Duterte said he might be willing to open his borders to the security forces from Indonesia and Malaysia pursuing Islamist fighters.
“We have agreed that we will talk, the three of us. We are just waiting for the right time,” the combative president told the media.
“In all probability, it will be a joint … task force. And I will open my borders to the Malaysian authorities and Indonesian authorities.
“I am giving them access like if we’re chasing someone and we’re out of time, just take them out. Even if it’s a Filipino, I’ll tell the Indonesian navy ‘take them out'”.
Asean has agreed to use spy planes and drones to inhibit the movement of militants across their borders. Security agencies are increasingly worried about the growing influence of Islamic State in Asean as it gets displaced from Iraq and Syria.
In June the Philippines, Indonesia and Malaysia agreed to pool intelligence and move to stem militant financing.
The Philippine authorities have unsuccessfully searched for Islamic militants near Mount Cararao on Mindanao for 18 hours. The Buldon police launched the search at the weekend after Duterte announced that militants were spreading there from Marawi.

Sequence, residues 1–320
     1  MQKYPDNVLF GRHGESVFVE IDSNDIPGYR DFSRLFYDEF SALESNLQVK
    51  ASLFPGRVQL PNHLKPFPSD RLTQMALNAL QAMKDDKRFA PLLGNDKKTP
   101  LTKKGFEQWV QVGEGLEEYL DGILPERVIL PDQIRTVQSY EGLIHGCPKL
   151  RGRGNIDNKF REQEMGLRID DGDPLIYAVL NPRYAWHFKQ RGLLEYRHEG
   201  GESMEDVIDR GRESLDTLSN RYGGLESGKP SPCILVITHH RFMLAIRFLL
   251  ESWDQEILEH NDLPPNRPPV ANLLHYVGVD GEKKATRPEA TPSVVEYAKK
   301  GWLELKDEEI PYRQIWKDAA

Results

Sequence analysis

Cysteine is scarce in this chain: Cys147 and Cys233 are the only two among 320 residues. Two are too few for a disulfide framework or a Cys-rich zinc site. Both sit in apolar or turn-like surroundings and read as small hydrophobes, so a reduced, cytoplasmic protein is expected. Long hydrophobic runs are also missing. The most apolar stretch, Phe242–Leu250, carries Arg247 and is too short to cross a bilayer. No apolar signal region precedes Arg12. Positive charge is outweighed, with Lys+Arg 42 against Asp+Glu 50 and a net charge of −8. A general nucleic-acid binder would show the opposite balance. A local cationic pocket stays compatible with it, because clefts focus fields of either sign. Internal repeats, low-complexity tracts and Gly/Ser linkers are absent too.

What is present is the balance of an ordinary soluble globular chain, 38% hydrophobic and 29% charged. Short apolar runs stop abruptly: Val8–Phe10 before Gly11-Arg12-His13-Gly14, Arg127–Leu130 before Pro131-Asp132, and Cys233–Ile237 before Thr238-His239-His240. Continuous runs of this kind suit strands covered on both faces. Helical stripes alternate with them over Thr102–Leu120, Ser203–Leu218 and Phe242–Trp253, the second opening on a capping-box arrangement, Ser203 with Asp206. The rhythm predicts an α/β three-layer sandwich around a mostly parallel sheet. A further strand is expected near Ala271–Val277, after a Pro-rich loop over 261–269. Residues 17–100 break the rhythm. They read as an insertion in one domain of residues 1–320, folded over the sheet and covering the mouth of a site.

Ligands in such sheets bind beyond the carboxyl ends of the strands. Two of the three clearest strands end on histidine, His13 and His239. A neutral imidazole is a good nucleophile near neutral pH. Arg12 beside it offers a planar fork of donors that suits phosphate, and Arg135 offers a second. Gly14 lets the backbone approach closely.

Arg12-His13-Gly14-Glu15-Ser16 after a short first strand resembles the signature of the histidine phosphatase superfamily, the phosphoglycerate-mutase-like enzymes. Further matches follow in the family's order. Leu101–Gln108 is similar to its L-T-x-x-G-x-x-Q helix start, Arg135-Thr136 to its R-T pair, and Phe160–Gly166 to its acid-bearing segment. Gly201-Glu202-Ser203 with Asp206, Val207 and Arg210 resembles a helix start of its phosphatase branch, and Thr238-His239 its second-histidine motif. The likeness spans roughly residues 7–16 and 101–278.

Last November, Manila agreed to allow Malaysia and Indonesia forces into its territory if they were in “hot pursuit” of Abu Sayyaf rebels.
The Buldon authorities urged the Malaysian-led International Monitoring Team and the joint ceasefire committee of the government and the rebel Moro Islamic Liberation Front to help them prove there were no Maute radicals in the municipality.
Duterte said the proposed meeting with Indonesia’s President Joko Widodo and Malaysian Prime Minister Najib Razak could be held in Marawi, the city on the southern island of Mindanao which was seized by armed insurgents claiming loyalty to Isis earlier in the year.
More than 600 insurgents, 45 civilians and 136 soldiers and police officers have been killed in more than three months of bloodshed in predominantly Muslim Marawi. The military has said it is confident the crisis will soon be resolved but militants are still fighting in the ruins of Marawi, possibly along with their supposed leader, Isnilon Hapilon, presidential spokesman Ernesto Abella said.
“Recent military assessments indicate that he is still very much in Marawi,” Abella said. “Our forces are hot on their heels and it will only be a matter of time before we get him.”
Refugees from Marawi in Iligan. Picture credit: Wikimedia